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Penalties for Breaches of Forestry Act

By: , October 9, 2023
Penalties for Breaches of Forestry Act
Photo: Contributed
Principal Director of the Legal and Forest Enforcement Services Division at the Forestry Department, Philip Cross.

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Persons may be subject to fines or imprisonment if they are found guilty of breaching offences under the Forestry Act, says Principal Director of the Legal and Forest Enforcement Services Division at the Forestry Department, Philip Cross.

In a recent interview with JIS News, Mr. Cross explained that activities such as the cutting down of trees in a forest reserve without having a timber licence is a serious offence and can result in a person being “fined up to $500,000.00 and or face imprisonment for a term not exceeding two years”.

“There are also broader offences, which include felling, girdling or marking a tree within forest management areas and protected areas, that would attract a fine of $200,000.00,” he added.

In instances where default on payment on the broader offences occur, persons may face imprisonment not exceeding two years.

There are also minor offences, such as assaulting a Forest Officer or Constable, which could attract a fine of $100,000.00.

While persons are permitted to carry out various commercial activities within these areas, they are being encouraged to ensure that they have the proper licences and permits to do so.

“To carry out certain commercial activities on what we call ‘Forest Roads’, you need to have a permit and then in terms of cutting trees, you need to have various licences to engage in that activity,” the Principal Director said.

These include a sawmill licence, timber licence, and road use permit.

Persons are also being encouraged to look out for signs that indicate that they are about to enter these protected areas.

“The way that the system is designed, is that if you are, let’s say, a landowner or an occupier, you have a positive obligation to know the boundaries of your property. So, the way the legislation is structured is it anticipates, and there’s a provision to that effect that a person who owns land or occupies land will take steps to identify the boundaries of the property,” Mr. Cross explained.

To help with this, there would be markers like a road, river or tree that can be used to identify the limits of a person’s land.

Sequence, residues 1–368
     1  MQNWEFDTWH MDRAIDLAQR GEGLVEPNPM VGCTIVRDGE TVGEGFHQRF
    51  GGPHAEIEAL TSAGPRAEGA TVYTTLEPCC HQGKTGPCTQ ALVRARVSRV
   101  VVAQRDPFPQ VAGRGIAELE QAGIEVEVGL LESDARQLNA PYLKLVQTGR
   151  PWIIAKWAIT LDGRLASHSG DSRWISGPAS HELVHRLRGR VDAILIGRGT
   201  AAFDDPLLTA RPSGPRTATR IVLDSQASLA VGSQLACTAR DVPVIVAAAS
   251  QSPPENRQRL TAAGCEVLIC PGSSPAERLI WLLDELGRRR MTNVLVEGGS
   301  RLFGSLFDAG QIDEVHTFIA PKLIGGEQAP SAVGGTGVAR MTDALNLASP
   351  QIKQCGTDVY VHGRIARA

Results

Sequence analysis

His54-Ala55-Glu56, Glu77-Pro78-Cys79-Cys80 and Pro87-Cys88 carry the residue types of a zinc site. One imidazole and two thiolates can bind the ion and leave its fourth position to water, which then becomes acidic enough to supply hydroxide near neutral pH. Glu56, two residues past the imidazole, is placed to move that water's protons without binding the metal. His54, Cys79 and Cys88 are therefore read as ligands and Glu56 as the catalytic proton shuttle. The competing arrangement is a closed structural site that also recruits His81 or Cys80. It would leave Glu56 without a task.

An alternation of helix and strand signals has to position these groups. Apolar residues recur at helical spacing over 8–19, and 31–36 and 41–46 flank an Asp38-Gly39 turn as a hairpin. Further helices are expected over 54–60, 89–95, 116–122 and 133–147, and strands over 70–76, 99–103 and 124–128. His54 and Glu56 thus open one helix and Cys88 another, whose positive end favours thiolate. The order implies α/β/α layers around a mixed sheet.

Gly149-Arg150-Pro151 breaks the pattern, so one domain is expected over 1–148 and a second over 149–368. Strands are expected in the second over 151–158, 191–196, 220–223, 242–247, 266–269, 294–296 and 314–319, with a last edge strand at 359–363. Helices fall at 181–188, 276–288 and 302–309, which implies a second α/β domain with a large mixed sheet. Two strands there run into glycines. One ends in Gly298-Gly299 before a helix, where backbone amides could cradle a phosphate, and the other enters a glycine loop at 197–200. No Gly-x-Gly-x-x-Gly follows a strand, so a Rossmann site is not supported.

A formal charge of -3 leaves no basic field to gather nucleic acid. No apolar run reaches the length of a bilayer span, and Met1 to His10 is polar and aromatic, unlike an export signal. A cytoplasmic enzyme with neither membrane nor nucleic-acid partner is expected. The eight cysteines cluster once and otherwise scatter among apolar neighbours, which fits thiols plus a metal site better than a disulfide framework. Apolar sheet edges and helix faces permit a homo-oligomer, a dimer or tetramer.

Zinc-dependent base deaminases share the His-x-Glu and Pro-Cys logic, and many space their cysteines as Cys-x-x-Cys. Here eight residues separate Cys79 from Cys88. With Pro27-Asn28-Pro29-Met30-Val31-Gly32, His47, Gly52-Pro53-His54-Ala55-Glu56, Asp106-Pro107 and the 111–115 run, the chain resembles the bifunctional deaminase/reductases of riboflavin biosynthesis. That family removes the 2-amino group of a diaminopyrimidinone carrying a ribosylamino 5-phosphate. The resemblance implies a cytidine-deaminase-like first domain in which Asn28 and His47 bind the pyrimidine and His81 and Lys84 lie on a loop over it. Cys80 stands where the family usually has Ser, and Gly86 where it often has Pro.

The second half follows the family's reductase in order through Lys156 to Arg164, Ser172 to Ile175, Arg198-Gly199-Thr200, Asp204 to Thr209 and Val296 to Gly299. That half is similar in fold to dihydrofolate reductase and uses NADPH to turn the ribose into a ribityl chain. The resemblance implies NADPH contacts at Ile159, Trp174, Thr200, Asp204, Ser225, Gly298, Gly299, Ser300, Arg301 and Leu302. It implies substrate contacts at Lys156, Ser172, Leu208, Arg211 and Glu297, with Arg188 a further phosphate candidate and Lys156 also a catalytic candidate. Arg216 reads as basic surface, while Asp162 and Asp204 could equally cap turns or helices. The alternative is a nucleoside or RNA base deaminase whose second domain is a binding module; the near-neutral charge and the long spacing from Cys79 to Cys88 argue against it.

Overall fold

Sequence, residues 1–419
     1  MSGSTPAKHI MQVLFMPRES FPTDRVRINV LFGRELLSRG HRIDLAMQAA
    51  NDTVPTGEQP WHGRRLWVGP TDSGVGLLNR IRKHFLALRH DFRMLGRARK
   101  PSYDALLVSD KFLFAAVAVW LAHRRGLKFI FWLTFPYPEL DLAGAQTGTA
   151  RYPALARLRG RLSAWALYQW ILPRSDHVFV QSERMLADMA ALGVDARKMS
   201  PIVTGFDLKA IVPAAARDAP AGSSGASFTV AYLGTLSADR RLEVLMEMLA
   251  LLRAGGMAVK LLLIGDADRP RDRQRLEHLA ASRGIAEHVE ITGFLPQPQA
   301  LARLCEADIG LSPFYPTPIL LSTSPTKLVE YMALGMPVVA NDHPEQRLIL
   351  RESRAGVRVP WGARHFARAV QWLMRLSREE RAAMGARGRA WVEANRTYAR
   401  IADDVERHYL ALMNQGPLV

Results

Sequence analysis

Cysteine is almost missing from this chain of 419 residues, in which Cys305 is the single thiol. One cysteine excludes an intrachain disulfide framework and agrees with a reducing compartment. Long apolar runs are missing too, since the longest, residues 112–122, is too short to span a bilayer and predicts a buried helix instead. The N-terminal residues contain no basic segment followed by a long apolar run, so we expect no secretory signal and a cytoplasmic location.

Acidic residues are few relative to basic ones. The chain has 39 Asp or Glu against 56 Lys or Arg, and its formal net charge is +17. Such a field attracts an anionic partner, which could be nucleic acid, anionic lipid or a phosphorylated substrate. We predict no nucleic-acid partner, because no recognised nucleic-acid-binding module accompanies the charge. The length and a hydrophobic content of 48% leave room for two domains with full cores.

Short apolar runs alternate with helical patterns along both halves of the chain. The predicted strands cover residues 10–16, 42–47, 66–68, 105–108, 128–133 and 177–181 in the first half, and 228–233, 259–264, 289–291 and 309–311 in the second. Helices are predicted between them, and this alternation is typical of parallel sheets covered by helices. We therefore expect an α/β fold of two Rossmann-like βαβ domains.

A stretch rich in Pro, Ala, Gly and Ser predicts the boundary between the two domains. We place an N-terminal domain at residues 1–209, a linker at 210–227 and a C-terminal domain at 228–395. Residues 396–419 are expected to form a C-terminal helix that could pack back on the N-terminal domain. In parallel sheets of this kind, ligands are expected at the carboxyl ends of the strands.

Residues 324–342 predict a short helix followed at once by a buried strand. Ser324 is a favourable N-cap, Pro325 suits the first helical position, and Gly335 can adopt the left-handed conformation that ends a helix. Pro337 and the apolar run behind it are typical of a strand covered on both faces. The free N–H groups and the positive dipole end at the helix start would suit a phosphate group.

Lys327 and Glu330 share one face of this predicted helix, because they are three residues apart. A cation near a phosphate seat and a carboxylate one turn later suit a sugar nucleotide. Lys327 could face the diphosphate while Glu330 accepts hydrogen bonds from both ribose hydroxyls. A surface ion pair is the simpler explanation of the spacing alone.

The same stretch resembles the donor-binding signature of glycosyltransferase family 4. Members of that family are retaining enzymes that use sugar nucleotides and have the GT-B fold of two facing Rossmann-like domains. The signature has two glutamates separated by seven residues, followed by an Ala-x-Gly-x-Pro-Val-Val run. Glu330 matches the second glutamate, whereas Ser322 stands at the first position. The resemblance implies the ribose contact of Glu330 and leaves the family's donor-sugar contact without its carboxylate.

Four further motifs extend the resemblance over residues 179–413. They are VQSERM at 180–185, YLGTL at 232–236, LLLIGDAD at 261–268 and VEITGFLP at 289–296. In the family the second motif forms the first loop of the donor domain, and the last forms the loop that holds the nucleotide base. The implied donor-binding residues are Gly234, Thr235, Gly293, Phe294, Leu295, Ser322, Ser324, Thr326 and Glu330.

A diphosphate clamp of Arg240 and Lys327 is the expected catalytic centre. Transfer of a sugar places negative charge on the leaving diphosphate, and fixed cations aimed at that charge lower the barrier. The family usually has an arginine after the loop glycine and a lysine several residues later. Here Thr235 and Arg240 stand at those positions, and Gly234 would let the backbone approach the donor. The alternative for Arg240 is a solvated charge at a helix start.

He mentioned, too, that “the National Land Agency has its website where you can always go, enter your valuation number and see where, more or less, the boundaries of your property are and get more detailed information if you need it”.

“Essentially, it is expected that you would take steps to identify your boundaries to avoid encroaching on the Forestry Department’s or the Crown Land,” he said.

To ensure the safety and protection of these areas, the Forestry Department engages in daily patrols as well as frequent interactions with members of the public.

“When they (offences) are encountered we try to serve contravention notices, and where necessary, bring persons before the courts for those breaches,” Mr. Cross said.

He noted, “If we do see an uptick in offences in one area, we will refocus our efforts in that area to ensure that it stops. We also try to maintain a presence as widely as possible to ensure that people don’t get the misguided impression that they’re not seeing persons in an area, so they’re free to do as they please.”

With this in mind, the Principal Director is reminding persons to “respect” the forest estates – lands that have not been designated but they are assigned to the Forestry Department for management, usually with a view to subsequent designation – and try to understand the importance of them.

“If you are involved in agriculture, ensure that you’re not within the boundaries of our forest reserve and that what you’re doing is not posing a threat to the forest reserves, because that’s a national issue,” he cautioned.

Last Updated: October 9, 2023

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